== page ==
Sometimes the ever-shifting musical landscape can make the listener pause to consider where a returning artist exactly fits in. The first release for almost four years from Tosca (Viennese duo Richard Dorfmeister and Rupert Huber) is a case in hand. Their prepossessing, gently beatific music first appeared around the turn of the century, most noticeably with the release of the acclaimed Suzuki. Each subsequent release has seen them navigate post-downtempo, trip hop waters with a calm authority and quiet modesty. When approaching Odeon the question that arises is how will their sound fare in the altered musical terrain of 2013?
There’s a sense with Odeon that they’ve consciously tried to do something different, delivering something a little distanced from their other work, without sacrificing their core principles. Inevitably there are moments that don’t translate quite as well as others but on the whole they generally succeed. Importantly, there is no sense that their sound has dated or faded.
Odeon’s key point of difference is the array of guest vocalists that have been enlisted for the record. Dorfmeister recently spoke of how they wanted to make this a darker record but this only really manifests itself on certain tracks. Indeed, the two stand-out vocal tracks sit at the other end of the musical spectrum. Belgian singer-songwriter Sarah Carlier brings a warmth and sultriness to What If, aided also by the thread of acoustic guitar that percolates through the track, whilst Brazilian vocalist Lucas Santtana brings a fleet-footed, sun-kissed lightness to Stuttgart.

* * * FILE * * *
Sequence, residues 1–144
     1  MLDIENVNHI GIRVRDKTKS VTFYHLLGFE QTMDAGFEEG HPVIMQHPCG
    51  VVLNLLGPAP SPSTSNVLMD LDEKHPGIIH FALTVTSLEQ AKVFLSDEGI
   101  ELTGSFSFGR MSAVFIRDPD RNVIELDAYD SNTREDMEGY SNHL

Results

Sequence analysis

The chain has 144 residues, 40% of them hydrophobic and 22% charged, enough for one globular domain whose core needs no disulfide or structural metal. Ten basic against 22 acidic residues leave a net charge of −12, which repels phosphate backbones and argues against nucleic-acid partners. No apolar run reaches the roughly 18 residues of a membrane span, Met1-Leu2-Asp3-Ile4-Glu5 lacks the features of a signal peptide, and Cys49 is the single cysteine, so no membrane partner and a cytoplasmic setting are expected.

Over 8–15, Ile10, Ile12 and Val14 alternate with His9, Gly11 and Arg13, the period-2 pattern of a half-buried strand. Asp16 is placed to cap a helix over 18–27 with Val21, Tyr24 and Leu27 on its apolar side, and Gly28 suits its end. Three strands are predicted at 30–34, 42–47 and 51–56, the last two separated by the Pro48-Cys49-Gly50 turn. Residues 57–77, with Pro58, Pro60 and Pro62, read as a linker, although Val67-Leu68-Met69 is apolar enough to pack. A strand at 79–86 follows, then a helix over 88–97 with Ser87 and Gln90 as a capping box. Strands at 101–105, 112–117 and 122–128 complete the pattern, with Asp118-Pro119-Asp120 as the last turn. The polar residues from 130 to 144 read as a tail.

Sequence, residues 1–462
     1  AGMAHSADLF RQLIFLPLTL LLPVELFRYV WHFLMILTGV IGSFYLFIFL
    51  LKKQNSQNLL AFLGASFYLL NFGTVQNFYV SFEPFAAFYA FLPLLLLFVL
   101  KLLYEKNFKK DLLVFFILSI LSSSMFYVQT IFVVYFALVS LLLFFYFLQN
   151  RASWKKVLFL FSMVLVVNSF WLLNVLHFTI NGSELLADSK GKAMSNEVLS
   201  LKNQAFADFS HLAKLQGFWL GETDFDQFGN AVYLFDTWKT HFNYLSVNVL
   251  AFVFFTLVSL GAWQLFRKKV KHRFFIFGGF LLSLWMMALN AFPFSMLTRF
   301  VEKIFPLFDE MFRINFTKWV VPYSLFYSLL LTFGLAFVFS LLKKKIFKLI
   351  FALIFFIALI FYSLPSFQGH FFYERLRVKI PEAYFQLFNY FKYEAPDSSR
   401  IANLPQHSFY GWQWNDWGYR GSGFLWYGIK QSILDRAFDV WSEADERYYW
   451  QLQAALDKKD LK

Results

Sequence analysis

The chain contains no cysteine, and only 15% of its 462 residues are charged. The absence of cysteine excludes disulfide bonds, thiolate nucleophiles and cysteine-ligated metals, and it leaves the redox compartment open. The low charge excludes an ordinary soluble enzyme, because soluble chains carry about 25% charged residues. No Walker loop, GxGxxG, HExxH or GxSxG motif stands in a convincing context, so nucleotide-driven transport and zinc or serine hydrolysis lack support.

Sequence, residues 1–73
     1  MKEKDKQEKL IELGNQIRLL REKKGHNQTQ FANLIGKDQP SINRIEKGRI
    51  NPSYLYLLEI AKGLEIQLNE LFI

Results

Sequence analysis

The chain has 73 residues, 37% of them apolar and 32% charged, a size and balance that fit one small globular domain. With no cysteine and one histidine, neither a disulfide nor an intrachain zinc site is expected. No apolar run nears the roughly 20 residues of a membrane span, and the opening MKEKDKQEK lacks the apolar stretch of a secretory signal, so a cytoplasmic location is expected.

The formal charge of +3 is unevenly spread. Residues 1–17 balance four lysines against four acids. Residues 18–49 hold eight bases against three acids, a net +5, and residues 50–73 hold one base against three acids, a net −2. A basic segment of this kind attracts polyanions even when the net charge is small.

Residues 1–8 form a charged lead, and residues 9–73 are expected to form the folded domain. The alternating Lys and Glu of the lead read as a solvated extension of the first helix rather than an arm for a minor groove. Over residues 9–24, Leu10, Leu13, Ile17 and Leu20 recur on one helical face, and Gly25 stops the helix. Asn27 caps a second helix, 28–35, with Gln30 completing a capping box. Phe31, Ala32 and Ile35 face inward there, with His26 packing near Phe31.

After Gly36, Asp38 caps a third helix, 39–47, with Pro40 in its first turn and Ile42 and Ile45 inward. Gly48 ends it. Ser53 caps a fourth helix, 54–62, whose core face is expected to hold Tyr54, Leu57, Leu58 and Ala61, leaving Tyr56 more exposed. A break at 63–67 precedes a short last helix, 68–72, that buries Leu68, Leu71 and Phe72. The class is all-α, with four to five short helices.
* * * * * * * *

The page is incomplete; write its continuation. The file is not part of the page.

On Jay Jay and In My Brain Prinz Eugen however the vocals of JJ Jones are far less effective, sounding poorly reconciled to the music. The former has a vague Depeche Mode feel to it with its mildly propulsive, beat-driven sound whilst the pronounced riffs and wheezy, slightly overstretched vocals of the latter result in arguably the weakest track on the album. These two moments aside however, it’s generally a good showing and musically there are plenty of interesting things happening under the surface.
Heatwave has a nice underlying tension to it, reminiscent of late Massive Attack, whilst Chris Eckman of The Walkabouts shows that rougher, slightly more abrasive vocals can work in the correct circumstances on Meixner. Cavallo meanwhile demonstrates a skillful synthesis of different elements (also incorporating Roland Neuwirth’s part-whispered vocal). Paradoxically, a case can be made for the two strongest pieces being the brief instrumentals that open and close the album. Zur Guten Ambience ushers in the album in understated style whilst Bonjour offers a suitably ambient epilogue.
Odeon may lack two of the qualities that were so evident and satisfying on albums like Suzuki and No Hassle, namely their smooth consistency and unbroken flow. Similarly, it may not have quite the same vitality and zestfulness but, imperfections aside, it shows evidence of a single-mindedness and versatility than many may have suspected they didn’t possess.